NEW YORK CITY—Cushman & Wakefield has released a new reportthat explores the consequences of rapid population growth in 10major North American cities. Entitled “Urban Development:Faster Greener Commutes Key to Sustained CityGrowth,” the report discusses the impact of intensifiedgridlock and slow commutes that impact work productivity andquality of life, along with the transit-oriented real estatedevelopments helping to relieve congestion and support growth.

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The cities covered in the report are Atlanta,Boston, Chicago, LosAngeles,MexicoCity, Miami, NewYork, San Francisco, Torontoand Washington D.C.

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“The report seeks to shed light on the issues shared by allcities undergoing explosive urban growth and how commercial realestate developers are stepping up to the plate to ensure theirproperties are accessible to workforces of tenants who want tolocate in these exciting markets,” says Paula Munger, Americasresearch director for Cushman & Wakefield.

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The report notes that the majority of new commercialdevelopment, as well as residential development, in metro areastoday is transit oriented.

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For occupiers, the value lies in their ability to attracttalent, efficiently reach their client base, and achieve theirsustainable objectives as good corporate citizens. However, thechallenges of aging or insufficient infrastructure, NIMBYism, ("NotIn My Back Yard"), and lack of funding and cooperation between thepublic and private sectors are common themes.

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“Developers and governments must find ways to work together toovercome challenges and support continued growth,” Munger adds.

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Key report findings across the ten cities explored include: InAtlanta, $61 billion is earmarked for transit oriented projects—70%of this will go toward improving existing transportationfacilities; Boston's firms are taking note of the influx ofnew tenants from suburban locations to the revitalized Seaportdistrict—and taking advantage of the 24/7 transit-orientedlocations; Chicago is a public transportation-friendly citywith an extensive transit system, which has mainly benefitted thedowntown area to date. Initiatives are underway to update the aginginfrastructure, remove barriers to Transit Oriented Development,and provide greater connectivity for the area's suburbs; In LosAngeles, the Downtown area is the logical place fortransit-oriented development.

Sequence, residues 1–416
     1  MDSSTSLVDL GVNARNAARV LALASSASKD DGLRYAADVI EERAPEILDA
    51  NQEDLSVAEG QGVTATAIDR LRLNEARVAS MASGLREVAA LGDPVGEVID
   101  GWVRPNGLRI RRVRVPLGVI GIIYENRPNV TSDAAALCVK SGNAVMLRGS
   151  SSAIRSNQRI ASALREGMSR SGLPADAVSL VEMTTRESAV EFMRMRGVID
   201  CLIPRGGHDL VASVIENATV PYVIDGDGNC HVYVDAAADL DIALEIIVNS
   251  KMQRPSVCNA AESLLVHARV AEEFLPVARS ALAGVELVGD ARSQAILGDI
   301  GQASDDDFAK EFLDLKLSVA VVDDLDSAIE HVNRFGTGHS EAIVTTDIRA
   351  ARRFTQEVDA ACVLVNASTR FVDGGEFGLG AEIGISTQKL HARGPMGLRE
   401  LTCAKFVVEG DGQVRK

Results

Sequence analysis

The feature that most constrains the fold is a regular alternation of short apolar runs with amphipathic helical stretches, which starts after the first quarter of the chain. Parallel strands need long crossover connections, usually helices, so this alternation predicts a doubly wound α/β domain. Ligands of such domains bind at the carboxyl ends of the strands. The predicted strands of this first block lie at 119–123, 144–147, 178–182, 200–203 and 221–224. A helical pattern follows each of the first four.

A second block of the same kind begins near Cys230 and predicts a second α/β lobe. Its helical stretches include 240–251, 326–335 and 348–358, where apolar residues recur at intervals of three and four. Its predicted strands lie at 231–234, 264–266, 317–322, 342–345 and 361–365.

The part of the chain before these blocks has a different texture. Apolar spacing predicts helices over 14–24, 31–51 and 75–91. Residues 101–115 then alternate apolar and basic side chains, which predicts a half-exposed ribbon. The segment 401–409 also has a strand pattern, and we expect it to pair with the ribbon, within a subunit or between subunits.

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Mexico City carries the title of the most congested city inNorth America, the report continues. Public investment ininfrastructure is at record high levels and developers are aligningtheir plans with these improvements. In Miami, the 5.4million-square-foot mixed-use Brickell City Centre as well as the750,000-square foot Miami World Center due to deliver in 2015 and2016, respectively, are game changers for the CBD. NewYork City is experiencing its highest level of new officeconstruction in 25 years, with eight million square feet in theworks in Manhattan.

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San Francisco (and the surrounding Bay Area, includingSilicon Valley and Oakland), experienced more than 365,000 new jobssince the economic recovery began in 2010; yet, adequateresidential and commercial real estate, transportation andinfrastructure support continues to fall behind demand;Toronto is attracting both the younger generation and emptynesters to its urban core. Businesses are following the talent,leading to a near-record boom in office construction but investmentin transit and transportation infrastructure has not kept pace.

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Washington, D.C.'s projects in the downtown core, or alongtransit hubs in the suburbs, which offer the live/work/playlifestyle, are attracting businesses and residents alike.

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Rayna Katz

Rayna Katz is a seasoned business journalist whose extensive experience includes coverage of the lodging sector, travel and the culinary space. She was most recently content director for a business-to-business publisher, overseeing four publications. While at Meeting News, a travel trade publication, she received a Best Reporting award for a story on meeting cancellations in New Orleans during Hurricane Katrina.